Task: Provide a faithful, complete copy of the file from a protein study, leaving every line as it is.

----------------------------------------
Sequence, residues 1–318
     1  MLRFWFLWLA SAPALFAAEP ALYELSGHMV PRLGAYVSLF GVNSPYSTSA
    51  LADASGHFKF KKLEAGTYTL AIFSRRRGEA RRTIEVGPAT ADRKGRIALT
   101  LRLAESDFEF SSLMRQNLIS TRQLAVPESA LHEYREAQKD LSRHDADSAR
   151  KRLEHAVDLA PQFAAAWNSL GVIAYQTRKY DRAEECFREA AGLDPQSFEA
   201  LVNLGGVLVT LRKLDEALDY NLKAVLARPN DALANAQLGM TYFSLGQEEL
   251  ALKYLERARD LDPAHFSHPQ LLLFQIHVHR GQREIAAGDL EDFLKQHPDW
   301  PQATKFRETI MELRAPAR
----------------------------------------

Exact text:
Sequence, residues 1–318
     1  MLRFWFLWLA SAPALFAAEP ALYELSGHMV PRLGAYVSLF GVNSPYSTSA
    51  LADASGHFKF KKLEAGTYTL AIFSRRRGEA RRTIEVGPAT ADRKGRIALT
   101  LRLAESDFEF SSLMRQNLIS TRQLAVPESA LHEYREAQKD LSRHDADSAR
   151  KRLEHAVDLA PQFAAAWNSL GVIAYQTRKY DRAEECFREA AGLDPQSFEA
   201  LVNLGGVLVT LRKLDEALDY NLKAVLARPN DALANAQLGM TYFSLGQEEL
   251  ALKYLERARD LDPAHFSHPQ LLLFQIHVHR GQREIAAGDL EDFLKQHPDW
   301  PQATKFRETI MELRAPAR